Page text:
Martin Lewis warns uni costs will soar amid student finance shake-up

Money Saving Expert Martin Lewis has warned that university costs are set to soar for students amid sweeping changes to the student loan system in England.

The government announced a set of changes to the student loan system which will drastically increase the cost of education for those attending university in England.

This includes lowering the repayment threshold to £25,000 a year and increasing the length of time over which graduates repay their loans by 10 years.

The reforms, which were announced on 24 February, will also see the student loan interest rate cut to the Retail Prices Index (RPI) rate of inflation for students starting courses from 2023/24, while tuition fees will be frozen at £9,250 for another two years.

The measures are part of a government response to an independent review of the higher education system by the banker Philip Augar in 2019. They will affect those who are starting university from September 2023.

Talking about the changes, money guru Martin said: "The plans will see most university leavers pay far more for their degrees over their lifetime than they do now.

"It effectively completes the transformation of student 'loans', for most, into a working-life-long graduate tax."

He added: "The decision to extend repayments to 40 years, combined with the other measures, will leave most who start university straight after school still repaying it into their 60s.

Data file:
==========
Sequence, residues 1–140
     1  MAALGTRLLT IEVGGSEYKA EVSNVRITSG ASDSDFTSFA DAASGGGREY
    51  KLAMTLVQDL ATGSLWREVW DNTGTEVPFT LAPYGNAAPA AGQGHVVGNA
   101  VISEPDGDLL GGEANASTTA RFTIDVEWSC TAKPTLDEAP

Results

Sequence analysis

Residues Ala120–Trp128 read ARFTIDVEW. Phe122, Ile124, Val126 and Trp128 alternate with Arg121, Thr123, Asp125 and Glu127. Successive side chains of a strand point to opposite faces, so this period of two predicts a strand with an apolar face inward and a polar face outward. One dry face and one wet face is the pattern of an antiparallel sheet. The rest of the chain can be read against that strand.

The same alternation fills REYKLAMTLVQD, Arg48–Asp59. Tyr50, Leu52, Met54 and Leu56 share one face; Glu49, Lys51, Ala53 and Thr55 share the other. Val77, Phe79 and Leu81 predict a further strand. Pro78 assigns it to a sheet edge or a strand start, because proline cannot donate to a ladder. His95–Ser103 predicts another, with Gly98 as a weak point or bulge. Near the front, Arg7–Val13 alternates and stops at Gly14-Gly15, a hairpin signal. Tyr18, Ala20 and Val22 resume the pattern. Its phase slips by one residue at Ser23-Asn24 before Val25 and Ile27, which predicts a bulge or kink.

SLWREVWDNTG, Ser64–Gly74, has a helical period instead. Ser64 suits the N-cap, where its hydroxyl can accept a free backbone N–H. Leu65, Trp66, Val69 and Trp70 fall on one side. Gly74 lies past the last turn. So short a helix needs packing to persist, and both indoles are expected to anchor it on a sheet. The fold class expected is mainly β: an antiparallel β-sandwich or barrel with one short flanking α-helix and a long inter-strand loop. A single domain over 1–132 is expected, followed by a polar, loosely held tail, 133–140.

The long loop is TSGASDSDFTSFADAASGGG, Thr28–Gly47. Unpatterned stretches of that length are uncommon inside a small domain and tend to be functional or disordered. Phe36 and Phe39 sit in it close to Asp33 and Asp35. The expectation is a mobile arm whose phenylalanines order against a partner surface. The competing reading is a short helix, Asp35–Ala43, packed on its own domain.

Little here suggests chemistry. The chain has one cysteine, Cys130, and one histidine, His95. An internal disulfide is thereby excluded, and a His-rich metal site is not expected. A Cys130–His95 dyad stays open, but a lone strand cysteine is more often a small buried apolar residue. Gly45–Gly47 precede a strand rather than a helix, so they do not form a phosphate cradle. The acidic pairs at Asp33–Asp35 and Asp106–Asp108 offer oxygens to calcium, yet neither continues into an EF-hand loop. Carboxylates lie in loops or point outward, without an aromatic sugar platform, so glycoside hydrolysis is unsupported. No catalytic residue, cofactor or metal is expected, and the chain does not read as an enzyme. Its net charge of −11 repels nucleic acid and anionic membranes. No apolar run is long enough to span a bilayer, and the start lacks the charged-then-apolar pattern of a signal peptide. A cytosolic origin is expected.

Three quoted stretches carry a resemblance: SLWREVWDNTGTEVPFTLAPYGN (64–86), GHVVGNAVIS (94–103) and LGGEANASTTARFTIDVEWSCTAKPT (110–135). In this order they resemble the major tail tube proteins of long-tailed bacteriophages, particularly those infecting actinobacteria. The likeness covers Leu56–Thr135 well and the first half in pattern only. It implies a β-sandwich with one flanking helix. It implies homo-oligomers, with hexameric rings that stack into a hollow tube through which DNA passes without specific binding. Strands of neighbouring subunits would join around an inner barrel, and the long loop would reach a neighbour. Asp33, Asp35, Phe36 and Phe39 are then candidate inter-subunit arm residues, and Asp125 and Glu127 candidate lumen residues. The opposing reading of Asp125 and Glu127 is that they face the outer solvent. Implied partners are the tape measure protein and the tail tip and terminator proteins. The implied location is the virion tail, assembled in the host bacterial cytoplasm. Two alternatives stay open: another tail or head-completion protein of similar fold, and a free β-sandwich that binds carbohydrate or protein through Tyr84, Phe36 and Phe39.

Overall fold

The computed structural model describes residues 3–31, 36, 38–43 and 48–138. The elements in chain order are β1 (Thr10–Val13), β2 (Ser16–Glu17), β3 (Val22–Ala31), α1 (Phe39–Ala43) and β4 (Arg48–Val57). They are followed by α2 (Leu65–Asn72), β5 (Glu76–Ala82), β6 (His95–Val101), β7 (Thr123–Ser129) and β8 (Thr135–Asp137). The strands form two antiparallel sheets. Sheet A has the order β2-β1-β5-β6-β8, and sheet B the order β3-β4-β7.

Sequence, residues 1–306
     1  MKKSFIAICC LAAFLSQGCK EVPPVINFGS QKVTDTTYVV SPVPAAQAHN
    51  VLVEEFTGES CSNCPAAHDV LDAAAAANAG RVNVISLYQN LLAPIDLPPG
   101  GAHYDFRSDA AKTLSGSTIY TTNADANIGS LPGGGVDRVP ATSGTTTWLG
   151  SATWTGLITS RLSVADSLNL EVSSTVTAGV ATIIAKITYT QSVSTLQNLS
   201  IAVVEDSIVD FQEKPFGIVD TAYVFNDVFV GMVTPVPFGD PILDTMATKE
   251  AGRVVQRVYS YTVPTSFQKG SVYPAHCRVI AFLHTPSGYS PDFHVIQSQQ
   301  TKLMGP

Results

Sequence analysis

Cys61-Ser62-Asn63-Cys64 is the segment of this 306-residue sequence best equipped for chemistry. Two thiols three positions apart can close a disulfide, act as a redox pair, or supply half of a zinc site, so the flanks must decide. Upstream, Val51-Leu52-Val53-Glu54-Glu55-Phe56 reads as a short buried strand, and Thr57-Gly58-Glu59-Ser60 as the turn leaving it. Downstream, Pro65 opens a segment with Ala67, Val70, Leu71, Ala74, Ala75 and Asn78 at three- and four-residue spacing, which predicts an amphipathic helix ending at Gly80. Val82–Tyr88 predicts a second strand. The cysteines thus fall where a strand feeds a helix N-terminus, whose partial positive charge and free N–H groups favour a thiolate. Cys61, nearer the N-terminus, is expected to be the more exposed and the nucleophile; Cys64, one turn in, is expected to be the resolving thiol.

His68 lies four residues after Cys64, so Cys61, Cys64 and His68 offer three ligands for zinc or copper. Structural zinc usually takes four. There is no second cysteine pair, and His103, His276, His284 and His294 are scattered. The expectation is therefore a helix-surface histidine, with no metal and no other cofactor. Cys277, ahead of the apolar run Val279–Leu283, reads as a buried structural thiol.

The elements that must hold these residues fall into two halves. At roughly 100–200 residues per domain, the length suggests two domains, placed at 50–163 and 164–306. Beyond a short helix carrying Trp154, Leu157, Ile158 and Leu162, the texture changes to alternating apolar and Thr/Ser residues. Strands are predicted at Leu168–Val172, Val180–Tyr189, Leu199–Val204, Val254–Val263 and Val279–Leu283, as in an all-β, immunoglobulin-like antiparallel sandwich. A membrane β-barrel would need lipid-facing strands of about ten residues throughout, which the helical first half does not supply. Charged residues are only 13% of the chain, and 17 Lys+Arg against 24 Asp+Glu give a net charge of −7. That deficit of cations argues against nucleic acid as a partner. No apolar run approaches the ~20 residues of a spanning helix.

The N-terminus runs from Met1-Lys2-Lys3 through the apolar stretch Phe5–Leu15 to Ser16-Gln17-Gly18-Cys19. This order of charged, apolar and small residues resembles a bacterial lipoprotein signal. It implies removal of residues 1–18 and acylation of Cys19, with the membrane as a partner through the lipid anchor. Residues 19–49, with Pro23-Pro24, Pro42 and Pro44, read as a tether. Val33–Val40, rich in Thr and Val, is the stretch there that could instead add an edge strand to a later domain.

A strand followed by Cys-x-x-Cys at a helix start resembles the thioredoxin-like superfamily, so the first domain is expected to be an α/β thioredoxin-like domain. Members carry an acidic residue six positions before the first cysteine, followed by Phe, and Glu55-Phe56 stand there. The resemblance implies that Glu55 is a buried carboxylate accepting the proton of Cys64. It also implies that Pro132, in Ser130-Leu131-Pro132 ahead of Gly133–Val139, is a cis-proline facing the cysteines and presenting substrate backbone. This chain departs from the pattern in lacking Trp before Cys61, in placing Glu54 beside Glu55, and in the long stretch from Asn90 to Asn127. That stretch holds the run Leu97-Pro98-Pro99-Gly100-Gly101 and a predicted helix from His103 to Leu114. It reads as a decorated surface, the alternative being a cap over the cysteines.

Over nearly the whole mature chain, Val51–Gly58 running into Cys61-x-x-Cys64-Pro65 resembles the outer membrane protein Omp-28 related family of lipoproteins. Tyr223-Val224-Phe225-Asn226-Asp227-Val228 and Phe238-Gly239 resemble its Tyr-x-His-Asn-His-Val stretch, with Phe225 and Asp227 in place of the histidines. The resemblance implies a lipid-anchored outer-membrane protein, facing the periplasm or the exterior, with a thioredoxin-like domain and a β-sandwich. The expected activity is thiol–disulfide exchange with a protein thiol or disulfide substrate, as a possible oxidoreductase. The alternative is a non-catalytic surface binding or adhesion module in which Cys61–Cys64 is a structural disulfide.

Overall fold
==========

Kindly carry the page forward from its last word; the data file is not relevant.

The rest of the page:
"Bizarrely though, the government has ignored my suggestion, in spirit supported in the Augar report, to at least be transparent and call this what it is: a 'graduate contribution system'."

Martin said that the cost of further and higher education has been "effectively split between the individual and the state" up until now.

However, the new changes will mean that the student will be paying "substantially more" for their education.

The government's own data shows the state's contribution to student loans will drop from 44p in the pound to 19p under the new system.

Martin warned: "So to anyone who finishes school this year and plans on taking a gap year to start in 2023, it's worth having a think.

"For most, starting this year will save you thousands of pounds over your working life compared to delaying."

Luckily for current or former students, the new changes won't affect them.

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